Trust between Ireland and UK is in short supply

World View: But where trust is diminished institutions can compensate

Trust is a key ingredient of relations between the Irish and British governments, but according to the Irish side it is now in short supply. Given the precarious state of the UK’s political union highlighted by this week’s elections in Scotland and Wales, that is not surprising.

In coming years there will be a convergence of Scottish and Irish constitutional issues and futures. This will affect British and Irish politics in an existential fashion. We can expect UK governments to link Scotland and Northern Ireland when it comes to issues such as consent, referendums, borders, economics and EU membership – especially if they are Conservative governments led by Boris Johnson.

They will be reluctant to move on these issues in one country for fear of influencing the other. This is notwithstanding the legal obligation on the Northern Ireland secretary of state in the 1998 Belfast Agreement to call a referendum there “if at any time it appears likely to him that a majority of those voting would express a wish that Northern Ireland should cease to be part of the United Kingdom and form part of a united Ireland”.

Ciaran Martin, who prepared the Scottish 2014 referendum as constitution director in 10 Downing Street, writes in a paper for the Blavatnik school of government in Oxford university that if the Boris Johnson-led government rules out another Scottish referendum on independence for a generation, it would leave no lawful or democratic route to that objective. “In effect,” he argues, that “would change the union from one based on consent, to one based on the force of law. That would be the most profound transformation in the internal governance of the United Kingdom since most of Ireland left, almost exactly a century ago.”


Legal obligation

Consent to stay in the union or leave it is directly linked to referendums. If one is called in Northern Ireland, the 1998 agreement imposes a legal obligation on the British and Irish governments recognising “that it is for the people of the island of Ireland alone, by agreement between the two parts respectively and without external impediment to exercise their right of self-determination”. It further affirms that “whatever choice is freely exercised by a majority of the people of Northern Ireland, the power of sovereign government with jurisdiction there shall be exercised with rigorous impartiality on behalf of all the people”.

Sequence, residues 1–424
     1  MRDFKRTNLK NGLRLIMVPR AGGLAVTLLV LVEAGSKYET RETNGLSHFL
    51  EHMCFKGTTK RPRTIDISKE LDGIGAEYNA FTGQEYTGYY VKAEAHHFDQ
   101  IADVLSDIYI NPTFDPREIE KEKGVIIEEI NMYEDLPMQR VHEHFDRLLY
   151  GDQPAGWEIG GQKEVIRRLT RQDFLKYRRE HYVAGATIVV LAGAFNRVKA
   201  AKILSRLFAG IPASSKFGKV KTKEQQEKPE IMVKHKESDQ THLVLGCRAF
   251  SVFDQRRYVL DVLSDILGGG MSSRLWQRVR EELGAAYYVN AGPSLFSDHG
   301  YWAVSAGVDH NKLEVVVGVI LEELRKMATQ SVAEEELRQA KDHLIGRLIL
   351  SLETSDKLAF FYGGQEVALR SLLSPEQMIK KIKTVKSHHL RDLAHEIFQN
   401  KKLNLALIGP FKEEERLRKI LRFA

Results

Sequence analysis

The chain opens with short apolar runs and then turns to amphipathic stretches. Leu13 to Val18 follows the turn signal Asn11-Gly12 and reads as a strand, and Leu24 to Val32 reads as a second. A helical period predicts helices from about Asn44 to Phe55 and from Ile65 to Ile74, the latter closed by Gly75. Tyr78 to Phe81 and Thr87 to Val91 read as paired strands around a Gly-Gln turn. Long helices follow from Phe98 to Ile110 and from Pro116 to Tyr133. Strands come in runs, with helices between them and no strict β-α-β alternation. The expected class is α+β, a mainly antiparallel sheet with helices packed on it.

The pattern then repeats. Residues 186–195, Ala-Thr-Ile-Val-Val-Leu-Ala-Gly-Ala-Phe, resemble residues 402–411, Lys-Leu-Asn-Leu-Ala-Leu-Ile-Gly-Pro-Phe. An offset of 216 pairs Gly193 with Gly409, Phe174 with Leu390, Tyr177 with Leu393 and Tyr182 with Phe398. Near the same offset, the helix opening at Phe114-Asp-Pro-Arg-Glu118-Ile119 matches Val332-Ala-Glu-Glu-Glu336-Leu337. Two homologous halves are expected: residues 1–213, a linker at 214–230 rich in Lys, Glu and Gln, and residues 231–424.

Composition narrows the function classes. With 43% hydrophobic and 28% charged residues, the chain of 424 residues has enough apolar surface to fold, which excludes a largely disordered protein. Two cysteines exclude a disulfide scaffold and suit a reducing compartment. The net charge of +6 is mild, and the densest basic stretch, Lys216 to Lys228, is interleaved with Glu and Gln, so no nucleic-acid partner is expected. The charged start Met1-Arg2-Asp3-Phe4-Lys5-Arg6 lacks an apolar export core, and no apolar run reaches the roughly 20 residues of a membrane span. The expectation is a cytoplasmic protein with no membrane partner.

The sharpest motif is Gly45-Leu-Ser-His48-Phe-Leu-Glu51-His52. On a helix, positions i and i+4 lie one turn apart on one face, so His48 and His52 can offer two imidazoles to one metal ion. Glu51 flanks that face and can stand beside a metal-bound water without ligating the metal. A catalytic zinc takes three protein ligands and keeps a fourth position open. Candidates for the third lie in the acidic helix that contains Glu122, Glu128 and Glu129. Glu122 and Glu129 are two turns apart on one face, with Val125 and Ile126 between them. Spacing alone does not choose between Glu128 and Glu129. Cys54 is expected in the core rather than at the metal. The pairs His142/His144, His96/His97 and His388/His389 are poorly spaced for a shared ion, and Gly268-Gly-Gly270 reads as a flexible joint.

The border in the Irish Sea stands as a warning to Scots from London about potential difficulties they face if they vote for independence

In light of the potential existential challenges to the union, how much can this British government be trusted to act with rigorous impartiality and to refrain from external impediment? These obligations fall on the machinery of government rather than the political parties in power and appear not to impose campaigning neutrality in referendum campaigns; but the British state will be profoundly at risk in them, which is why these terms were put in.

Where trust is diminished institutions can compensate. Strand 3 of the 1998 agreement on east-west relations provides for a British-Irish Council (BIC) of the two sovereign governments, devolved ones and crown dependencies. The British-Irish Intergovernmental Conference (BIIGC) brings the two sovereigns together “to promote bilateral co-operation at all levels on all matters of mutual interest within the competence of both governments”.

This week the two governments agreed to restore regular meetings of the conference, with two this year and three in 2022, and a BIC in June. This brings an institutional stability and regularity which Johnson has resisted up to now; but that may give more diplomatic than political comfort to the Irish side given his volatility.

The BIIGC seems the obvious forum to handle the great number of intergovernmental issues arising if a Northern Ireland referendum is contemplated – although Johnson says that will not be for “a long, long time”. The Northern Ireland protocol is still being negotiated.

Its UK-EU border in the Irish Sea stands as a warning to Scots from London about the potential border regulatory difficulties they face with England if they vote for independence.

The economic costs and benefits of independence are a fourth closely-related convergent issue between Scotland and Ireland. Northern Ireland’s annual transfers from the UK exchequer are used to argue for the union, as in Scotland; but both could gain more from a self-rule which unleashes their productive potential.

The Scottish government admires Ireland’s achievement in securing EU agreement that a united Ireland would join the EU without renegotiation. It too would like to find favourable terms for EU membership if it secures independence. It recognises that the UK-EU deals have strengthened Ireland’s international position with the EU – and the United States.